Poster Presentations


P-30: Making the Most of Mealtimes (M3): Differences in person-centered care (PCC) delivery during mealtime eating assistance among residents living in long-term care facilities located across Canada

Sarah Wu*, Susan Slaughter, Jill Morrison & Heather Keller

University of Waterloo

Introduction: PCC can improve the mealtime experience for residents, yet practices specific to mealtimes are poorly understood. The Meal Time Scan (MTS) is a face valid and reliable instrument for assessing these interactions.

Objectives: It was hypothesized that residents who require eating assistance would receive fewer positive mealtime interactions and care practices than those who do not require assistance.

Methods: M3 is a cross-sectional study based in 32 long-term care homes across AB, MB, ON and NB. Mealtime practices were observed by one of eight trained assessors for 637 randomly selected residents at three meals on non-consecutive days. Observation ratings were averaged across the three meals. An Edingburgh Feeding Evaluation in Dementia Questionnaire item determined if assistance was required ("never/rarely", "sometimes", "often"). A summary score from MTS was calculated based on the ratio of positive to negative mealtime specific interactions, with higher scores indicating more positive interactions. ANOVA determined if frequency of physical eating assistance a resident received was associated with the ratio of positive-to-negative PCC interactions.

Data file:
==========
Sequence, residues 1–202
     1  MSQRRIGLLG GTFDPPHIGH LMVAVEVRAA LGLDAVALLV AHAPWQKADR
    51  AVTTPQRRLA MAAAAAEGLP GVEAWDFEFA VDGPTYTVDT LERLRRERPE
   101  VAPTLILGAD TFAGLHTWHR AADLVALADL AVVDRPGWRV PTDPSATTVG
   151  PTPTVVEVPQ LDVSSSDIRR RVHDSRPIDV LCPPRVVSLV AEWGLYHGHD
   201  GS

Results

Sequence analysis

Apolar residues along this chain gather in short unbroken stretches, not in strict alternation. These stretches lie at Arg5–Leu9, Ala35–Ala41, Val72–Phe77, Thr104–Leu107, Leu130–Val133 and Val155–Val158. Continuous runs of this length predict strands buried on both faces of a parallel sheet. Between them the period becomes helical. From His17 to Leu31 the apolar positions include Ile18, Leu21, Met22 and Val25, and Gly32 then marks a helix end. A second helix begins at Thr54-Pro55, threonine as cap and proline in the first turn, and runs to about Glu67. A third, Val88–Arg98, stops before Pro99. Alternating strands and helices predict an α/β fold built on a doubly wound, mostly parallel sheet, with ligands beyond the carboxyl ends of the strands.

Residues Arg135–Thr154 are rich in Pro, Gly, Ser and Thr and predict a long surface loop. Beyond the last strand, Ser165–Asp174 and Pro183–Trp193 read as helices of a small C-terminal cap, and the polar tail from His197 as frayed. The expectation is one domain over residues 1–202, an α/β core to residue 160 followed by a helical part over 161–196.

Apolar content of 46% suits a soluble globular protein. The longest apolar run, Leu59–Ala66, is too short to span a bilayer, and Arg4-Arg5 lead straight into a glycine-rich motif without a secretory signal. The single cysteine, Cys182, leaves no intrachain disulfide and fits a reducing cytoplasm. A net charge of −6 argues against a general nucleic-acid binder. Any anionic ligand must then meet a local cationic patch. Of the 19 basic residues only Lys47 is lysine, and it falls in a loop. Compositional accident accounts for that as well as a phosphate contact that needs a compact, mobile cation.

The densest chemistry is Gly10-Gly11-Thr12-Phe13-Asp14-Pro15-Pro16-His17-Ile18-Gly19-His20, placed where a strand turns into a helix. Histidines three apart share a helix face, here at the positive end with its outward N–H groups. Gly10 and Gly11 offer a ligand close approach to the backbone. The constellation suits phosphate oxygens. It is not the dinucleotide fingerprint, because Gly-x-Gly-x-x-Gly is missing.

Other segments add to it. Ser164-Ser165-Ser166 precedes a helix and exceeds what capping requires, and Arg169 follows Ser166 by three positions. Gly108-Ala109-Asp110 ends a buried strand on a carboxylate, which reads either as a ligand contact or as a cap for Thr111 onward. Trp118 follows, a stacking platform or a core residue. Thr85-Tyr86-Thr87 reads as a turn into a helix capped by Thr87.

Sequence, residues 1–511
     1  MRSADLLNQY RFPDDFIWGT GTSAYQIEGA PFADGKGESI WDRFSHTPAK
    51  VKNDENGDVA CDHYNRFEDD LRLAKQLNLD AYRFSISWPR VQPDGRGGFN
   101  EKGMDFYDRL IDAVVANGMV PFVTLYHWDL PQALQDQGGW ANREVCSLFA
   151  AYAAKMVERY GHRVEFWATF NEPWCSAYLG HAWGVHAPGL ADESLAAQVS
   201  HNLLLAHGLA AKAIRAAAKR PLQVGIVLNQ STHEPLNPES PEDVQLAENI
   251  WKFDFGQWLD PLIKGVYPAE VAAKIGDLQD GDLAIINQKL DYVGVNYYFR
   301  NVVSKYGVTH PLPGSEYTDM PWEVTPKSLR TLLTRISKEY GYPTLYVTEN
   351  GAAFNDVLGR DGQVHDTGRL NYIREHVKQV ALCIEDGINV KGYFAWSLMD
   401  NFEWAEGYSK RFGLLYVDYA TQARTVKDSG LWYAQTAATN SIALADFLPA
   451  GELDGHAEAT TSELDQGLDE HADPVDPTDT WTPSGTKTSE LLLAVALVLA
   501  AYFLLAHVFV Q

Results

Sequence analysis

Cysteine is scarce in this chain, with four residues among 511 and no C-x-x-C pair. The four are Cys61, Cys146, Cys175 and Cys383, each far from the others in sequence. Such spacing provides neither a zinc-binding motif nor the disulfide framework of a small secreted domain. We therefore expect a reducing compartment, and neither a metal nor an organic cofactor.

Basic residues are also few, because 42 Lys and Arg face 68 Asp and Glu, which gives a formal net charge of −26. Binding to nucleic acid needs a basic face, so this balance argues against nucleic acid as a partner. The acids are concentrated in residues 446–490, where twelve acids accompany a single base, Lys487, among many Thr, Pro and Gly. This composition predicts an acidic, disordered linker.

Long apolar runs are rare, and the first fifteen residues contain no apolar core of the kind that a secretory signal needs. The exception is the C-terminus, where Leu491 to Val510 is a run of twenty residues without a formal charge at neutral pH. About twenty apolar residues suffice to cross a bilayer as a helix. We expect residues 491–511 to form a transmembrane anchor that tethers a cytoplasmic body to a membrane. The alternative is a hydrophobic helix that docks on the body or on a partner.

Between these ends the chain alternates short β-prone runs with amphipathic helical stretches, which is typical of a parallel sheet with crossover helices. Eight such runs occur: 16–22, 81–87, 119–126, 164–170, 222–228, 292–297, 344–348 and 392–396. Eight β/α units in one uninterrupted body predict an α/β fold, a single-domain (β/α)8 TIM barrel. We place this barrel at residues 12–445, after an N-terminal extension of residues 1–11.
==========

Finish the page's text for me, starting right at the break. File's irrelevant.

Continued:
Results: Almost one-quarter (23%) of residents required some level of assistance (11% sometimes; 12% often). Frequency of eating assistance was negatively associated with the ratio of positive to negative mealtime interactions [F(2, 632)=34.72, p=< 0.001; never/rarely=2.3, sometimes= 1.6, often=1.5].

Conclusions: Residents requiring more physical eating assistance received fewer positive interactions with staff compared to those requiring no assistance. Further work will examine the independence of this association and if it influences food intake. (Funding from Canadian Institutes of Health Research)